The collection of the Museum of Asian Art has a long history, having been built up over a period of almost 50 years. The first item on record is a bronze Buddha head from Chiengsen period (1400-1550 AD), Thailand, given to the museum by Kun Krassri Nimanamhasminda in 1954. This contribution marked the beginning of the University of Malaya Art Museum at that time based in the university’s campus in Singapore. The Buddha head was thus acquired several years before the University of Malaya campus was established in Kuala Lumpur in 1962. At that time a section of the university library was used to display the artifacts. The museum’s present home was built to accommodate the increasing new acquisition. In Jun 1980, the new building was built in the scenic area between the Faculty of Economics and the Law Faculty (currently occupied by the Business and accounting Faculty). Within its three floors of exhibition space, the museum represents three civilizations; the Indian, The Chinese and the Islamic (Malay culture).
The Malay collection includes crafts products such as basketry, textiles, brass ad silver and wood carving. Some of these artifacts are used as jewelery, household items, weaponry and items in Malay customary practice (adat).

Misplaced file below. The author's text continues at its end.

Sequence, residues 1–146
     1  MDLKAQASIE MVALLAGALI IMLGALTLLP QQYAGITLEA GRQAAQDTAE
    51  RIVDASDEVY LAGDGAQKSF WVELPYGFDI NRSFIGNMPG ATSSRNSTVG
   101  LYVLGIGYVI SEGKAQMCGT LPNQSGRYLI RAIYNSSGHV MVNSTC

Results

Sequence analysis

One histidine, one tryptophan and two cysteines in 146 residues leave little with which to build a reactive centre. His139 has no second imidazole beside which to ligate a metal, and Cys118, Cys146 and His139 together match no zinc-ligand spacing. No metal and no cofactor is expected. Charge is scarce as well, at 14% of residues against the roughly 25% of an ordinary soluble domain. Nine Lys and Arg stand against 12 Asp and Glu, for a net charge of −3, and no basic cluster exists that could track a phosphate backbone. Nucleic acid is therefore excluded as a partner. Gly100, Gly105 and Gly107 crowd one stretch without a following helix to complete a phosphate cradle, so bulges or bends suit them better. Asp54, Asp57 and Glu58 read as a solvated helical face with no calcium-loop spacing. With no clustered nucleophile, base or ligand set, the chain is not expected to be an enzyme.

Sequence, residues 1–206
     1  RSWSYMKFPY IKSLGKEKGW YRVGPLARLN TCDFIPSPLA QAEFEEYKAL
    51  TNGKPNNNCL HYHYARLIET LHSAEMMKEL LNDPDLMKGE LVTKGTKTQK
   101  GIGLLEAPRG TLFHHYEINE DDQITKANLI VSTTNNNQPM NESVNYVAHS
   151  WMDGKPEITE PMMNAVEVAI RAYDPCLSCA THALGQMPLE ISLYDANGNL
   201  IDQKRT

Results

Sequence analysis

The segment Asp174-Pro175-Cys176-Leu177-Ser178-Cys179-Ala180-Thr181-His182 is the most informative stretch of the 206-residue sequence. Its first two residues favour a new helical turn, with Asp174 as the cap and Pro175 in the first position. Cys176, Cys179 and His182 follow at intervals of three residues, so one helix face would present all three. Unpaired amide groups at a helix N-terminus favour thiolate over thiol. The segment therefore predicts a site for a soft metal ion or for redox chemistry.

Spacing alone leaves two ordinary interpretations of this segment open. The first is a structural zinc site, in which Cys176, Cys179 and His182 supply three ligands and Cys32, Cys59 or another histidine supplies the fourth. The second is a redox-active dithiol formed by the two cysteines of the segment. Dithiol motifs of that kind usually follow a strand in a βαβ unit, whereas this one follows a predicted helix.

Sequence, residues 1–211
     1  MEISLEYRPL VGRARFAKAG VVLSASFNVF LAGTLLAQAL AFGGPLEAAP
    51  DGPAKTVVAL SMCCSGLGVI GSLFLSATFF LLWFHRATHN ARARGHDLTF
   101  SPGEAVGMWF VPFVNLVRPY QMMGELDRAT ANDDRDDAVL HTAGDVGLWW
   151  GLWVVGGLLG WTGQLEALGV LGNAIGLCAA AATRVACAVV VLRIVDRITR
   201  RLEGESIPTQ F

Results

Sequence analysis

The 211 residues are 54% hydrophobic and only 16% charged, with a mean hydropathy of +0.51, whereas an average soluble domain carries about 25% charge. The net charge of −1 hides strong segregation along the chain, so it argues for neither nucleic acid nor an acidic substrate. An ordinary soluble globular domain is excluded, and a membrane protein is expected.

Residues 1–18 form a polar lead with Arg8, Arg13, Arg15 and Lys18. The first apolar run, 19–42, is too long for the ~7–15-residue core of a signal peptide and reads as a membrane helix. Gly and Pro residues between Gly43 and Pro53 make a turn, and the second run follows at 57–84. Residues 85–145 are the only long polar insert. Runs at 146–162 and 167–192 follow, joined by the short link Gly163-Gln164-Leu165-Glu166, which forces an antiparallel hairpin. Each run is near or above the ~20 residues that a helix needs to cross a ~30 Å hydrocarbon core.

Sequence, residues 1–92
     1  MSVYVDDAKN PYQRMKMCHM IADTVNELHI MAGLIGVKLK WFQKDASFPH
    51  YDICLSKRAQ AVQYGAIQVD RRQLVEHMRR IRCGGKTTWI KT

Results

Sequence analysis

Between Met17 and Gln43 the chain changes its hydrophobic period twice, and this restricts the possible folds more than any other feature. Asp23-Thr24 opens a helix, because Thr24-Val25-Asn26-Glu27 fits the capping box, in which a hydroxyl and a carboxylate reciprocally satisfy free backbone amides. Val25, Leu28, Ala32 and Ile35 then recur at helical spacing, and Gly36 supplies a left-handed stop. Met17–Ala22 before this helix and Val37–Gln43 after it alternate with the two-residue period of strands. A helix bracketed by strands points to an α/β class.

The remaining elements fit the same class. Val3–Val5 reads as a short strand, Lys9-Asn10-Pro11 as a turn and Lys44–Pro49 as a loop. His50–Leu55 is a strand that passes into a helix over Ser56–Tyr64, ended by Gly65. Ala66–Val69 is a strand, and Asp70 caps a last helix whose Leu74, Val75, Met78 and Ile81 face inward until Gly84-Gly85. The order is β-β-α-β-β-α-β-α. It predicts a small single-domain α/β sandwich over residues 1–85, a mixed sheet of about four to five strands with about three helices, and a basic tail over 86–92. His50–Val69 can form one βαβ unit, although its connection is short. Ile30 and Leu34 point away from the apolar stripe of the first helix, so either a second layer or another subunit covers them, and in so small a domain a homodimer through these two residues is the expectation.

Has a collection of Khmer pottery from 9th-14th century. Outstanding examples of Khmer style pottery such as an elephant spouts, owl bowls asymmetrical egg porcelain. The most important collection of Thai ceramics comes from Ban Chiang Period, as well as Sukhothai and Sawankhalok. A comprehensive collection of keris (daggers)from the Malay world. The cultures of Indonesia, Vietnam and the Philippines are represented through sculptures, textiles, jewelery, ceramics, and terra-cotta works and so on.
A collection of Indian stone sculpture, from as early as the Sathavahana period, as well as Jain and Buddhist iconography. Temple sculptures, bronze images, miniature painting, and wood carvings reflecting the richness of Indian culture
Ceramics from as early as the Kashan period which created blue and white porcelain to the 19th century. Islamic bronzes, miniature paintings, tombstones and precious stones for the purpose of making seals.
A range of Chinese ceramics and porcelain that covers almost entire history of the art form in China (3,000 years); represented by tripod pottery, Tzu Chuan wares, artifacts including porcelain from the Song Dynasty till Chiang dynasty (late 19th century) porcelain.
Ceramics originating from the early Karatsu tradition and Imari/Kakiemon period. A group of ceramics called as Temmuku. Most scholars recognize these as artifacts introduced from China, but used by Japanese as part of the tea ceremony in the early 14th century.
Last Update: 02/04/2022